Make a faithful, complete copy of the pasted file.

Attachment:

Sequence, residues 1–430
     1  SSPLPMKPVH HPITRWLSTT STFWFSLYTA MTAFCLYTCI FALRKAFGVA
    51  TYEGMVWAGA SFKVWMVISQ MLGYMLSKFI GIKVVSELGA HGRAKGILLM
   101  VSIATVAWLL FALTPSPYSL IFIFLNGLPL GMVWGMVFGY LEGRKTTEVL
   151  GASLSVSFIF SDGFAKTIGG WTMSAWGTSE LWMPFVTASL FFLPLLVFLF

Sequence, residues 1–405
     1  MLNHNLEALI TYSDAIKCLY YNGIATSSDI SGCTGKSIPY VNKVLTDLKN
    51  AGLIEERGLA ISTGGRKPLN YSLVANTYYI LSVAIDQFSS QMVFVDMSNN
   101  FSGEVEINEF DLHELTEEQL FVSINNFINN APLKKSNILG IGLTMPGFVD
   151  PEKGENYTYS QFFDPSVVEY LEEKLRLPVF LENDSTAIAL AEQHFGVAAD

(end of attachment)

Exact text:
Sequence, residues 1–430
     1  SSPLPMKPVH HPITRWLSTT STFWFSLYTA MTAFCLYTCI FALRKAFGVA
    51  TYEGMVWAGA SFKVWMVISQ MLGYMLSKFI GIKVVSELGA HGRAKGILLM
   101  VSIATVAWLL FALTPSPYSL IFIFLNGLPL GMVWGMVFGY LEGRKTTEVL
   151  GASLSVSFIF SDGFAKTIGG WTMSAWGTSE LWMPFVTASL FFLPLLVFLF

Sequence, residues 1–405
     1  MLNHNLEALI TYSDAIKCLY YNGIATSSDI SGCTGKSIPY VNKVLTDLKN
    51  AGLIEERGLA ISTGGRKPLN YSLVANTYYI LSVAIDQFSS QMVFVDMSNN
   101  FSGEVEINEF DLHELTEEQL FVSINNFINN APLKKSNILG IGLTMPGFVD
   151  PEKGENYTYS QFFDPSVVEY LEEKLRLPVF LENDSTAIAL AEQHFGVAAD